Principles and Values
I am struggling to define and contrast principles and values for a while now. They are important aspects of what defines me as a unit of identity and my interactions with other units and the world in general. This post is an attempt to write down some of the thoughts in the hope for clarity.
Many faces of Principles
Principles are fundamental statements of truth regarding an entity, its structure or its operations1. They are objective, axiomatic and universally applicable.
Principles help us reason over an observation. E.g. laws of gravity. They’re used to define the key working characteristics of an entity. E.g. working principles of a transformer is based on electromagnetic induction. Finally, principles can serve as operating guidelines to ensure entities match a desired specification. Such guidelines are usually a set of do and don’ts. E.g. single responsibility principle (SRP) in software design.
A principle can be stated as a consequence. E.g. a particle in motion stays in motion. We can state them as a rule. E.g. every class in a computer program should have one and only one reason to change. Every principle must be fundamental. Reducing the stated principle further should change the instruction or the consequence.
Values are core personal beliefs about what is important. They are subjective and a function of an individual’s world view. Value is assigned as a property of an entity2. E.g. economic value is a property of gold. In this case there may be a shared notion on the value of gold. But it is possible that a value is intangible and decided by individuals based on their disposition. For instance, ethical values, our primary focus.
Values help prioritize and choose the right action. The choice is simply an act of maximizing as much value as possible. Values change over time because the underlying beliefs can change with experience. E.g. Alice used to value moving fast over higher quality until she broke production multiple times. Values are not the same as desired end goals. E.g. wealth, fame, happiness and so on. Values determine our approach to a desired outcome.
Values may be used as an indicator of what to expect from an individual or an organization. An incongruence in the actions and value system of an individuals is undesirable. We may call such an individual unethical or hypocrite.
A value can stated as a trait. E.g. integrity, growth mindset, trust etc. They apply to an individual or a collective. The shared values of a collective and the individuals must have significant overlap for the actions to be consistent.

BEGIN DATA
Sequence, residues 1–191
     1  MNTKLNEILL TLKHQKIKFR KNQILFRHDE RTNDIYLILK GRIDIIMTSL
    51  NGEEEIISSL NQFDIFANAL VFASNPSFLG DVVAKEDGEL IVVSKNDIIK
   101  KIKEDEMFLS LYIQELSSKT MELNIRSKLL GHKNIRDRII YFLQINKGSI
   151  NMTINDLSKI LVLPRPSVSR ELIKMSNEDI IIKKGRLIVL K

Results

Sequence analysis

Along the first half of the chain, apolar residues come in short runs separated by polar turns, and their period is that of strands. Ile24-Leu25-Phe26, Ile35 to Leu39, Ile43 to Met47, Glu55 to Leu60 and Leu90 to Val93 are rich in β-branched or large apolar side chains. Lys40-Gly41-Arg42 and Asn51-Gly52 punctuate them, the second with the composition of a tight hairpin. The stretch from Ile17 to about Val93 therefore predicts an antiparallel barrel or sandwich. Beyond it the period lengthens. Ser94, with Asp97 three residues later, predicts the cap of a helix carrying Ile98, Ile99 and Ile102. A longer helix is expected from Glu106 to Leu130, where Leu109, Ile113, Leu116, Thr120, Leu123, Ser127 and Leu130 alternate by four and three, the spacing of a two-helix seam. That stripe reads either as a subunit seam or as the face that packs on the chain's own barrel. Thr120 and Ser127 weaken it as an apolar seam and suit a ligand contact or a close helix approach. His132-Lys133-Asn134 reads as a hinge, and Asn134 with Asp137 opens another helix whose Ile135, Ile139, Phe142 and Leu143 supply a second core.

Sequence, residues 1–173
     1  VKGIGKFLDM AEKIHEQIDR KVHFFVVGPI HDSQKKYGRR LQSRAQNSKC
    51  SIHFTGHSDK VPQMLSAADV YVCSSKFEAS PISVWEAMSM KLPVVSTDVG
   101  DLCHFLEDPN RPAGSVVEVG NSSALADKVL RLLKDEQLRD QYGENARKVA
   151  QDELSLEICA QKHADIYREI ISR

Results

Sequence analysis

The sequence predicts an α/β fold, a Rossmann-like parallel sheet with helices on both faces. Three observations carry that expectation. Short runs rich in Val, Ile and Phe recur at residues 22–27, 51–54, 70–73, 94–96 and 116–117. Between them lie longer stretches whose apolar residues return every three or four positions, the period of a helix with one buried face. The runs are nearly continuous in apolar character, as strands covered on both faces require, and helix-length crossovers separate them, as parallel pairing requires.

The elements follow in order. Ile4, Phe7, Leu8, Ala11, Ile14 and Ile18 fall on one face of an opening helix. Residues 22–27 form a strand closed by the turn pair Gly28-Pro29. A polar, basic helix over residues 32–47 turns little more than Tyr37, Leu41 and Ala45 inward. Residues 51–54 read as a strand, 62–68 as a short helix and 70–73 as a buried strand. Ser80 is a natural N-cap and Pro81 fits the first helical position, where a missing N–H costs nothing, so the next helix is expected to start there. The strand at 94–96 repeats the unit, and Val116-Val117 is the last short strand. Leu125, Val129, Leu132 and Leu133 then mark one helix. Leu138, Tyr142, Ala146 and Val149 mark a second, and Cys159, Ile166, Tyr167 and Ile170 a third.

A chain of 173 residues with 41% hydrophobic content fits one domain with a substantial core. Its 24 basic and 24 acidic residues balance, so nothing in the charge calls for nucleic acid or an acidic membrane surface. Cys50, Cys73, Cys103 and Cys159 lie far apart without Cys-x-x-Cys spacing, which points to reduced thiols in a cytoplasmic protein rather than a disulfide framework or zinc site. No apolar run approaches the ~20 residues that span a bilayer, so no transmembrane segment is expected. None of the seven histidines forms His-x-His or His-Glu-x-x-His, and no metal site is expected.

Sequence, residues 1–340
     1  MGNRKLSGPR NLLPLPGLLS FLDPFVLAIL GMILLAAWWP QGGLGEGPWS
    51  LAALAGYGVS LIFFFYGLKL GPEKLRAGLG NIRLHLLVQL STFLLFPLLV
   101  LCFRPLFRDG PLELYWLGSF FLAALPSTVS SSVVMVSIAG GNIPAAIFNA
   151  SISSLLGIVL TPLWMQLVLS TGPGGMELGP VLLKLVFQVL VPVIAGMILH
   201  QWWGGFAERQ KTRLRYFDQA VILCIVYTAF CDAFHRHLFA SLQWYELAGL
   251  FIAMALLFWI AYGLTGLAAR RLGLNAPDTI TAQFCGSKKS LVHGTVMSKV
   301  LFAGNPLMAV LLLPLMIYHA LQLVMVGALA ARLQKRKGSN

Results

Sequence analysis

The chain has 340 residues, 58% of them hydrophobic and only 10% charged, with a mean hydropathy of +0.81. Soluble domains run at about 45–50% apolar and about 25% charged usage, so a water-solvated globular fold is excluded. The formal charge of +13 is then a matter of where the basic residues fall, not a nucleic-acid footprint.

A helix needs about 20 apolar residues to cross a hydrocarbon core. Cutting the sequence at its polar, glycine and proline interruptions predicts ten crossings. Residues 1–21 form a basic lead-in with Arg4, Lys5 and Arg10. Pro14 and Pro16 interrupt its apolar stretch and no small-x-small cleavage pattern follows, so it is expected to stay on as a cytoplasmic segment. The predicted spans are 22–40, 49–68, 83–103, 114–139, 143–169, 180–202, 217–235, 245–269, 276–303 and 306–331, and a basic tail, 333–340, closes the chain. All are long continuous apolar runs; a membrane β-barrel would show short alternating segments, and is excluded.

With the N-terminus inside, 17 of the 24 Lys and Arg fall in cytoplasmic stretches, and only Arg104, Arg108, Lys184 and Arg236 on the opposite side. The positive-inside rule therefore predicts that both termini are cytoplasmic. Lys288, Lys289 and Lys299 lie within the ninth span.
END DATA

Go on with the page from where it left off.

Values are personal where as principles are objective. Values change over time where as principles stick around. Values are traits and principles are rules or consequences.
However, both of them help reason over behaviors of an individual.
Brian Cantrill’s talk3 and Oxide Computer’s Principles4 proposes to use both Values and Principles together as a framework for decisions and actions. Principles are defined as constraints. They are binding and carry a consequence for an action that violates them. Values on the other hand are objectives or aspirations. They’re debatable and often create tension with each other.
An organization should internalize both Principles and Values. Using them to hold a high bar for our behavior also makes sense to me. But can we personalize principles? What does my principles mean? My principles are the set of constraints within which “I as a unit” will operate in my interactions with the world. E.g. similar to how single responsibility principle outlines the characteristics of a component in a larger system.
While principles act as constraints and decide the territory. Values are a set of traits to cultivate and act as a map. Note how a map is a representation of the truth. So if we choose the territory incorrectly, map doesn’t matter. This mental model of constraints (restraints) and aspirations (positive actions) is also seen in Patanjali’s Yoga Sutras, an ancient treatise on the philosophy of Yoga. It describes the rules for right conduct in two parts. Yama, the first step of Yoga enumerates the principles of control and Niyama, the second step, outlines the positive duties.
So to reason over my behavior look at my principles (timeless, non negotiable, constraints) and my values (aspirational personal beliefs, subject to change).
Principle enables Values